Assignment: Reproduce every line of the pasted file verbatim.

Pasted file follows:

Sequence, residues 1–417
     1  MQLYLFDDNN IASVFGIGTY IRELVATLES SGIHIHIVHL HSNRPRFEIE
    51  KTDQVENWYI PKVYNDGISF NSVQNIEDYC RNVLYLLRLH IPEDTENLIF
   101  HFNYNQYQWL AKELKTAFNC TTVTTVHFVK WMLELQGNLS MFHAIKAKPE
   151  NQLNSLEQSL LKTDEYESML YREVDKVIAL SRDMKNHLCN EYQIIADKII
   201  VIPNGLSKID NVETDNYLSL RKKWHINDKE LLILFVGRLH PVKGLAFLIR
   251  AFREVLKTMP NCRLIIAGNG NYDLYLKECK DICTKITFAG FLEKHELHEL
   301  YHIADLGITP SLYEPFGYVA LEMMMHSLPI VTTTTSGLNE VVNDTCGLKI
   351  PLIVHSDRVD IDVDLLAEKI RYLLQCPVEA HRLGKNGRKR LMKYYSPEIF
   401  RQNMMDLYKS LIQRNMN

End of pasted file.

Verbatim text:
Sequence, residues 1–417
     1  MQLYLFDDNN IASVFGIGTY IRELVATLES SGIHIHIVHL HSNRPRFEIE
    51  KTDQVENWYI PKVYNDGISF NSVQNIEDYC RNVLYLLRLH IPEDTENLIF
   101  HFNYNQYQWL AKELKTAFNC TTVTTVHFVK WMLELQGNLS MFHAIKAKPE
   151  NQLNSLEQSL LKTDEYESML YREVDKVIAL SRDMKNHLCN EYQIIADKII
   201  VIPNGLSKID NVETDNYLSL RKKWHINDKE LLILFVGRLH PVKGLAFLIR
   251  AFREVLKTMP NCRLIIAGNG NYDLYLKECK DICTKITFAG FLEKHELHEL
   301  YHIADLGITP SLYEPFGYVA LEMMMHSLPI VTTTTSGLNE VVNDTCGLKI
   351  PLIVHSDRVD IDVDLLAEKI RYLLQCPVEA HRLGKNGRKR LMKYYSPEIF
   401  RQNMMDLYKS LIQRNMN